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Bataclan attacks: Our French correspondent reflects on a national tragedy

Jon Chapple 24 November 2015
Bataclan theatre, Paris, Jeanne Menj

By Guillaume J. Schouker

“All men have stars, but they are not the same things for different people. For some, who are travellers, the stars are guides. For others they are no more than little lights in the sky. For others, who are scholars, they are problems… But all these stars are silent. You, you alone will have stars as no one else has them…

“In one of the stars I shall be living. In one of them I shall be laughing. And so it will be as if all the stars will be laughing when you look at the sky at night… You, only you, will have stars that can laugh! And when your sorrow is comforted (time soothes all sorrows) you will be content that you have known me… You will always be my friend. You will want to laugh with me. And you will sometimes open your window, so, for that pleasure… It will be as if, in place of the stars, I had given you a great number of little bells that knew how to laugh…”
— Antoine de Saint-Exupéry, The Little Prince

The worldwide media has spread the news. Friday 13 November 2015: Paris, internationally known as the City of Light, was turned into a city of sadness following the terrorist attacks in different locations across the French capital and its nearby suburbs. A total of 130 people were fatally wounded and more than 350 injured.

The 1,600sqm Le Bataclan concert hall in the 11th district of Paris was the site of a dreadful attack in which 89 persons were killed during a concert by Californian rock band Eagles of Death Metal. Le Bataclan from the front (pictured) looks like a real Chinese pagoda (something that contributed to its recognition as an historic monument 130 years after its creation) and no one would have thought that such a popular place for all sorts of bands and music, one which has gathered so many people together across many generations, would be picked as a location for an act of terrorism.

From the entire team at PSNEurope, we want to express our deepest condolences to everyone who has lost a close relative, dear friend or relation. We also want to honour the memory of everyone who lost their life that night, including the ones who were part of our family: the pro-audio, music and recording communities, united in their love of music.

Pierre-Yves-GuyomardPierre-Yves Guyomard, 43, and Anne Cornet, 29
After completing his studies at the École Supérieure de Réalisation Audiovisuelle (ESRA; Higher School of Audiovisual Production), Pierre-Yves Guyomard (pictured) began his career in 1992 as a recording engineer in several recording studios and post-production facilities. He then became front-of-house engineer at Le Plan, in Ris-Orangis, on the outskirts of Paris, and mixed a great number of both French and international, mostly indie, artists and bands.

He has contributed to the live sound of artists such Maceo Parker, Tanger and Noir Désir, and contributed as a recording engineer to the most recent Christophe album. He joined the Institut Supérieur des Techniques du Son (ISTS; Higher Institute of Sound Techniques), part of the ESRA group, in 2005 as a teacher in live sound and sound reinforcement.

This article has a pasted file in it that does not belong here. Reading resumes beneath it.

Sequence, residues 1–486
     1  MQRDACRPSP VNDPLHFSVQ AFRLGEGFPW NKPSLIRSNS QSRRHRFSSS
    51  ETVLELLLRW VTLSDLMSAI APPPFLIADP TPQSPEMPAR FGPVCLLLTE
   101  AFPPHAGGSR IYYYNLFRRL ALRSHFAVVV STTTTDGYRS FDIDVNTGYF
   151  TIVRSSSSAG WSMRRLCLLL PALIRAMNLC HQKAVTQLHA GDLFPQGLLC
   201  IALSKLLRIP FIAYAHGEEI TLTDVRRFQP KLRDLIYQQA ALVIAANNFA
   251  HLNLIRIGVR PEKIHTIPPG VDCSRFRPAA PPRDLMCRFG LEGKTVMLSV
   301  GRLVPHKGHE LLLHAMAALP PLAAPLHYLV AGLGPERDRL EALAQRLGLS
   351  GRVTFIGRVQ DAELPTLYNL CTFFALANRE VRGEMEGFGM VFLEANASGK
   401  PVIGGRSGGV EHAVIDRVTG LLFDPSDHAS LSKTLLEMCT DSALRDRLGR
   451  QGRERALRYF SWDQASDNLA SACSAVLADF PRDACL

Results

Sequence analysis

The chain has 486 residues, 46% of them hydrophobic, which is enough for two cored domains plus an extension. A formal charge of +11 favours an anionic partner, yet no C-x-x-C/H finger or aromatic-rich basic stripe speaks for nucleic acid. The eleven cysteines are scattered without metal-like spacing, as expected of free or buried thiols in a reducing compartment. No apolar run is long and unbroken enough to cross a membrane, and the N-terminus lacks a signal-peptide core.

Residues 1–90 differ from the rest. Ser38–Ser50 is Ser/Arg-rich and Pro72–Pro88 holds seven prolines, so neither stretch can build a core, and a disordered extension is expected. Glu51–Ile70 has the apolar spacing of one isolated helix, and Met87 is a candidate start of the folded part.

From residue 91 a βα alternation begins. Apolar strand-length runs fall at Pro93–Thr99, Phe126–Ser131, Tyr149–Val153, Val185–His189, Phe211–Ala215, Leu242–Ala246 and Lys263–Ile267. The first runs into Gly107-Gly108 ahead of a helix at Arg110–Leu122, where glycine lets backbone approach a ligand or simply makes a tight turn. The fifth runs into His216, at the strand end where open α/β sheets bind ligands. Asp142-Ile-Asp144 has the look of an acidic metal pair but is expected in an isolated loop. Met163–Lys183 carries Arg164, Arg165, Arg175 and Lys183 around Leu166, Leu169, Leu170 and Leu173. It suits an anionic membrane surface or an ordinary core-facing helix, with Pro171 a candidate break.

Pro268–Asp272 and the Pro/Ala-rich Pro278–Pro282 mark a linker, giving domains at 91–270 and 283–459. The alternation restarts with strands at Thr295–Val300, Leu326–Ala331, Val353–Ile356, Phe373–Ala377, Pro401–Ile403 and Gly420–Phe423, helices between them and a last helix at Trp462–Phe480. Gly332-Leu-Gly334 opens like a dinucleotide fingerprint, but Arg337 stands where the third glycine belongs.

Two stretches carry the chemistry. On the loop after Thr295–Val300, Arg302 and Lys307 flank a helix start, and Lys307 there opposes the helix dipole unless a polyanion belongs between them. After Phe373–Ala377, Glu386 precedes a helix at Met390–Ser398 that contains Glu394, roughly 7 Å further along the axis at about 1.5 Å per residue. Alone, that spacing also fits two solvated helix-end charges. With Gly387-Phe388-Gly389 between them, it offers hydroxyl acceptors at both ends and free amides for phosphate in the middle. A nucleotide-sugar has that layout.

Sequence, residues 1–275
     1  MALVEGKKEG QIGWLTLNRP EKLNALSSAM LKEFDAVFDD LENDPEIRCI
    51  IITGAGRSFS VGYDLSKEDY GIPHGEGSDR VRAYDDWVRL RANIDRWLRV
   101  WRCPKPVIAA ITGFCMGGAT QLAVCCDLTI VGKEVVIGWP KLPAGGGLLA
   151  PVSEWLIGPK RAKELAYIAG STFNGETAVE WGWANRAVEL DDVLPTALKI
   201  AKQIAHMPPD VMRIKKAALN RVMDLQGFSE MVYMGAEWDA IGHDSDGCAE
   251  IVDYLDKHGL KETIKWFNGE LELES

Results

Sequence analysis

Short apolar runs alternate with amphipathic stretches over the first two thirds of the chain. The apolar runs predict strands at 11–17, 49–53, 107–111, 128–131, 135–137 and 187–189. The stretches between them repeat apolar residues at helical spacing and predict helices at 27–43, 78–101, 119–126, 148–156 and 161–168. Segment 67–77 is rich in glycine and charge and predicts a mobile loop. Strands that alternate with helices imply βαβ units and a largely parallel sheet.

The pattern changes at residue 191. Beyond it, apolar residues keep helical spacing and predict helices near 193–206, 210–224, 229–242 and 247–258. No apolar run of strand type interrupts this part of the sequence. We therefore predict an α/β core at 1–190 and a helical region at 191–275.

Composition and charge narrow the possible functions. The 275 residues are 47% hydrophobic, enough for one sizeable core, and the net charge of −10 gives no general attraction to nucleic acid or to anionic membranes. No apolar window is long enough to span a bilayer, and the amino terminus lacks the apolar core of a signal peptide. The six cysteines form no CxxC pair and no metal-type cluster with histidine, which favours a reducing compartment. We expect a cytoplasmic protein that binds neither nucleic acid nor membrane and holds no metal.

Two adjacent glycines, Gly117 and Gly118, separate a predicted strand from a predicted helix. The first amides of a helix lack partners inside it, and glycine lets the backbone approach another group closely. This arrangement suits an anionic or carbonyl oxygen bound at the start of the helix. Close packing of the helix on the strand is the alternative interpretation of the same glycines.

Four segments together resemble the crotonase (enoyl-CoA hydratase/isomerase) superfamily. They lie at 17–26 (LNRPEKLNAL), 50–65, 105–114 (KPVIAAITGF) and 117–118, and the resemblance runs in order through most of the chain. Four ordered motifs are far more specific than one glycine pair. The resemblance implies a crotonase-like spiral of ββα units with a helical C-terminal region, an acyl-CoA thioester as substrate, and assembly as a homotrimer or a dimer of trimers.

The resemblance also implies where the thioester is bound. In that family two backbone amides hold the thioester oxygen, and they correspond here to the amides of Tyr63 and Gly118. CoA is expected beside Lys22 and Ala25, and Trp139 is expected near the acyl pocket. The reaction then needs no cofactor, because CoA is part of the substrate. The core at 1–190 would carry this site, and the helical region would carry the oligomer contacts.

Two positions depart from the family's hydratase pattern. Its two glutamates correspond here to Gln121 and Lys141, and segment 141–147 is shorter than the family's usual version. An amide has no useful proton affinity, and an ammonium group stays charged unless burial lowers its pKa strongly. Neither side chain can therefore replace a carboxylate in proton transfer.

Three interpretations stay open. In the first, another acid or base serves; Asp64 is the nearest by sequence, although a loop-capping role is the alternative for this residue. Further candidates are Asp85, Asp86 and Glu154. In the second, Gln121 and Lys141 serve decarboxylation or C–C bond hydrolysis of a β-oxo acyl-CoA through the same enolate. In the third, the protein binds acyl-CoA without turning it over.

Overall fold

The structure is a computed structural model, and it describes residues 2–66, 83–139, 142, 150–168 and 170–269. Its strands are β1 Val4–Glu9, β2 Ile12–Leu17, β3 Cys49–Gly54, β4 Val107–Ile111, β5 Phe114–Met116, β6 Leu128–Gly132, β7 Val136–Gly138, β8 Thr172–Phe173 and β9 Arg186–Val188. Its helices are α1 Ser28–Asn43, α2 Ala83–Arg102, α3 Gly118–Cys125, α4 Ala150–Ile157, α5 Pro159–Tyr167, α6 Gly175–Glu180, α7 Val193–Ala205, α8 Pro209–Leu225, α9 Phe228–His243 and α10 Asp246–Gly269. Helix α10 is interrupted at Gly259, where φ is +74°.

He met Anne Cornet, a student at ISTS, in 2008, and they were married in 2013.

Thomas Ayad, Keith RichardsMax Azoulay, the ESRA group’s managing director, says Guyomard was “much appreciated by his students for his professionalism and his undoubted mastery of sound engineering and PA systems” and “will be missed by his colleagues, the school and his students”.

Thomas Ayad, 32
Thomas Ayad (pictured above with Keith Richards) was project manager at Mercury/Universal Music France. He started his career as an intern at V2 Music.

Guillaume Barreau-DecherfGuillaume Barreau-Decherf, 43
Guillaume B. Decherf was journalist for Les Inrockuptibles magazine. For two years, from 1997 until 1999, he studied journalism at the École Supérieure de Journalisme in Lille, before becoming a freelance music writer, also contributing to Rolling Stone, Metro and Géo Ado.

From 2005–06 he was editor-in-chief at Hard Rock Mag. Nick AlexanderIn 2010, he wrote a biography on French band Indochine, Pas de repos pour l’aventurier (No Rest for the Adventurer).

Nick Alexander, 36
From Colchester in the UK, Nick Alexander was in charge of merchandising for Eagles of Death Metal.

When he was younger, he had hosted ‘Club Night Music’ at Colchester Arts Centre.

Manu Perez, 40
Manu PerezManu Perez entered Universal as an intern at Polydor International Marketing, working with artists such as Queens of the Stone Age, Marilyn Manson, Eminem and 50 Cent. He then moved to Universal Music France’s Barclay label on 15 November 2003 as press attaché.

He returned to Polydor on 1 January 2006 as a project manager, and later an A&R man, and had collaborated with Michel Polnareff, Axel Bauer, Emily Loizeau, Arthur H and François Morel.

Marie Mosser, 24
Marie MosserMarie Mosser had been digital marketing assistant at Mercury Records France since August 2014.

“And now here is my secret, a very simple secret: It is only with the heart that one can see rightly; what is essential is invisible to the eye…”
— Antoine de Saint-Exupéry, The Little Prince

Bataclan photo: Jeanne Menj

www.bataclan.fr

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